This year marks the 5th anniversary of Me first training and as a team we have been reflecting on how health and care professionals use Me first in their practice. It has been useful to review the feedback we receive from delegates about how they have progressed towards their Me first goals.
Goal setting is an integral element of Me first training. At the end of every masterclass each delegate is asked to set a goal about how they will apply their learning from Me first training in their practice. We recommend the goal be as specific as possible and achievable. The aim is for the goal to have a positive impact on your communication with children and young people (CYPs), so the more achievable the better.
Before each masterclass we ask delegates to come to training with a scenario in mind that they find challenging in their practice and want to work on. Common examples of challenging scenarios include:
- Speaking to a CYP alone without their parents.
- Engaging a CYP who does not want to speak.
- How to proceed when a CYP is refusing treatment or a procedure.
- Managing conflict with a parent or CYP.
During the afternoon delegates are given an opportunity to apply their learning from the morning session (where we introduce the Me first communication model and the evidence base behind it), by taking part in simulated conversations based on their own challenging scenario.
Goals are then set by delegates following these practical sessions.
Examples of goals include:
‘Early on in the conversation if with a parent say that ‘I like to speak with all young people on their own, are you happy for this today?’ to the young person.’
‘Use emoji cards to explore how CYPs are feeling’
‘To find a resource that backs up the idea of confidentiality. Adapt it to suit an individual.’
‘To use motivational interviewing techniques to open up my questioning and involve CYP in goal setting.’
‘Use the bullseye feedback resource at the end of appointment to review how useful a conversation has been for a CYP’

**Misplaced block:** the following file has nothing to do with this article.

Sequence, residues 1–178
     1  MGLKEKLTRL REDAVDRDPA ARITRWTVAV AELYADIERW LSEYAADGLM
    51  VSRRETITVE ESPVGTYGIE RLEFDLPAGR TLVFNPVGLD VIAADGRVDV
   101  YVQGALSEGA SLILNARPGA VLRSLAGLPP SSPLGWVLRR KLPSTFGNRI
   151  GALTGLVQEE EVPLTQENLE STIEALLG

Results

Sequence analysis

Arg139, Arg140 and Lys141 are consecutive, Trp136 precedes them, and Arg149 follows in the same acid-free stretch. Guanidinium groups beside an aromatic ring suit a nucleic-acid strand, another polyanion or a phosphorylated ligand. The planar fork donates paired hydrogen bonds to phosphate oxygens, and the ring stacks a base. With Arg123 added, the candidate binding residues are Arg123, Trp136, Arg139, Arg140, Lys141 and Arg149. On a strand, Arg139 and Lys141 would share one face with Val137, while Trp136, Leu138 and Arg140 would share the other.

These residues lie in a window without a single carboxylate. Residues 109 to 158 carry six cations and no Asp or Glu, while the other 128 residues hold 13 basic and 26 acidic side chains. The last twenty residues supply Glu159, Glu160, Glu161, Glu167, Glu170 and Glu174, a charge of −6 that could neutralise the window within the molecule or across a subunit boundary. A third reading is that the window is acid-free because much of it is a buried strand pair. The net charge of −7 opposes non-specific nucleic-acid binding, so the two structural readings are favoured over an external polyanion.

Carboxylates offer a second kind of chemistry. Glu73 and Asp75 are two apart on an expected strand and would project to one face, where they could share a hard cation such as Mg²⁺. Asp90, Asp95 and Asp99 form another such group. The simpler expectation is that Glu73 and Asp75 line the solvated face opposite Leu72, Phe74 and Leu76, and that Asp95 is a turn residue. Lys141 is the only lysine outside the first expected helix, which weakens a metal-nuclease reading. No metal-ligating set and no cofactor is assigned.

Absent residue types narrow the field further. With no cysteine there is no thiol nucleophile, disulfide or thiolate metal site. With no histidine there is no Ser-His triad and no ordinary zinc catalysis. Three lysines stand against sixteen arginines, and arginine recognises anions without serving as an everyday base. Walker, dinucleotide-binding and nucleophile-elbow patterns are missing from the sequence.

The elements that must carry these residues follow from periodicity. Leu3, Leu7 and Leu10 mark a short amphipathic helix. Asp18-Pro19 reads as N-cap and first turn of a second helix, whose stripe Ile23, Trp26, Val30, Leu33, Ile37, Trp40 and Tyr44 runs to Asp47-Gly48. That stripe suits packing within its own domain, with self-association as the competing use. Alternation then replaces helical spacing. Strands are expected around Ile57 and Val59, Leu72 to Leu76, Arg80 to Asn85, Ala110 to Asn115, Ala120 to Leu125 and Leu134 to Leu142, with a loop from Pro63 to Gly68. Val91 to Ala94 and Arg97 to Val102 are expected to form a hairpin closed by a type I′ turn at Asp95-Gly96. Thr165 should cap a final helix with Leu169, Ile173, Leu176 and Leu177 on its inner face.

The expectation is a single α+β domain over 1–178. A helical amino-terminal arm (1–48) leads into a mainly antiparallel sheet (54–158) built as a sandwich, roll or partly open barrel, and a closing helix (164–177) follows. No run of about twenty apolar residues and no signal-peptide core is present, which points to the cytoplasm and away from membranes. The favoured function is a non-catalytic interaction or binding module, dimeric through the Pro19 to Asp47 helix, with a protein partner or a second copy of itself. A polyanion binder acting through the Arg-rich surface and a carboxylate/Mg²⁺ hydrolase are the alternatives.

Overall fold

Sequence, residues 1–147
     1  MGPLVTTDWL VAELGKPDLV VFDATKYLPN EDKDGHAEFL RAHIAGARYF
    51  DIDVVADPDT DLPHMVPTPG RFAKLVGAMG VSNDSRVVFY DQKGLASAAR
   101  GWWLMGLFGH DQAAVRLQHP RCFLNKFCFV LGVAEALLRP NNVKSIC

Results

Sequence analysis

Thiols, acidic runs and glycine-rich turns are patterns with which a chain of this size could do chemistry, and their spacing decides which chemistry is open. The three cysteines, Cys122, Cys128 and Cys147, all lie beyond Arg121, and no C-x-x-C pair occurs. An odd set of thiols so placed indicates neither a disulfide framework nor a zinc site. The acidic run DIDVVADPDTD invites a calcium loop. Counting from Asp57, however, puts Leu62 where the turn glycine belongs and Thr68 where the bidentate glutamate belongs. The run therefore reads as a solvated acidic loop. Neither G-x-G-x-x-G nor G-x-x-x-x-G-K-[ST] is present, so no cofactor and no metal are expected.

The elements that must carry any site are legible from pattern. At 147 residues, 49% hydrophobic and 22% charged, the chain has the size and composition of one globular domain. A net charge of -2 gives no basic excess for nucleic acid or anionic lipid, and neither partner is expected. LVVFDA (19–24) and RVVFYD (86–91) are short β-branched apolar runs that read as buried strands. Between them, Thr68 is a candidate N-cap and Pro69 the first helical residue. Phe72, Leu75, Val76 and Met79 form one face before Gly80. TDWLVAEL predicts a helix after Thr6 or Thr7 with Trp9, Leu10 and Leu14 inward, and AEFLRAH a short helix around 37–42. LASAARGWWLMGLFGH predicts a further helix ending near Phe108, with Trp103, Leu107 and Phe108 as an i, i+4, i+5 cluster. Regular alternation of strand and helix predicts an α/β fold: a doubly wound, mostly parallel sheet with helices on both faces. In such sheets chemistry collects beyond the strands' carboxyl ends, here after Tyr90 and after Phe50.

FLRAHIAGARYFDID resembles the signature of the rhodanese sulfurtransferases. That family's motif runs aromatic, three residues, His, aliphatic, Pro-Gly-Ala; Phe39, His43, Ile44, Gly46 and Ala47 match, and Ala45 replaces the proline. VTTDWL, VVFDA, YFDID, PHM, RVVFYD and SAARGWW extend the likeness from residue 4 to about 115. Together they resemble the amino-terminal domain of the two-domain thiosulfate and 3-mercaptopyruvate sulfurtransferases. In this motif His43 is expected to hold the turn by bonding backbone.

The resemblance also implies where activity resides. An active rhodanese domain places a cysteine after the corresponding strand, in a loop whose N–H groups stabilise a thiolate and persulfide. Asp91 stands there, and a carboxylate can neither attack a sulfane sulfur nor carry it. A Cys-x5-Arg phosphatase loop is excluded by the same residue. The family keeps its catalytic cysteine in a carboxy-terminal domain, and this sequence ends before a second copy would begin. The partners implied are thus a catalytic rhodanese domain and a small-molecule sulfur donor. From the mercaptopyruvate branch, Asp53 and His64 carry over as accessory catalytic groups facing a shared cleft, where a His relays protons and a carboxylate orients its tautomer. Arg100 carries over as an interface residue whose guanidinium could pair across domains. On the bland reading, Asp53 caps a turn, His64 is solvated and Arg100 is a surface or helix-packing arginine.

We then follow up with delegates via email 8 weeks after the masterclass to remind them of their goals and ask how they are getting on. This feedback is really motivational for the team as it provides evidence that delegates are applying their learning in practice and are hopefully improving the experience of children and young people as a result.
Some examples of positive feedback from delegates about their goal:
Some examples of challenges:
I think it’s important to note that although we set goals and ask for feedback on progress, we are aware that ‘achieving’ a goal is an ongoing process. We want delegates to continue to work towards their goals so that their learning is sustainable and effective. We know that pressures such as heavy workloads and lack of time are barriers to improving communication, but it is encouraging to see that even in cases where delegates have not quite managed to ‘achieve’ their goal, they have still applied some positive changes and are being more child-centred in their practice.
Another way we encourage ongoing learning from Me first training is through the Communication Champions network – a group of professionals who have completed Me first training and meet 3 times a year for themed events where we share ideas and learn from case studies. Our hope is that the Communication Champions network ensures sustainability of Me first training and facilitates continual improvement of communication skills.
When it comes to achieving our goals, we can’t always ‘get it right’, but we believe that by using the Me first principles of child and young person centred communication as a guide, you will be more likely to achieve better health outcomes and improve children and young people’s experience of care.
Maura Neilson, Me first Administrator and Website Resource Manager.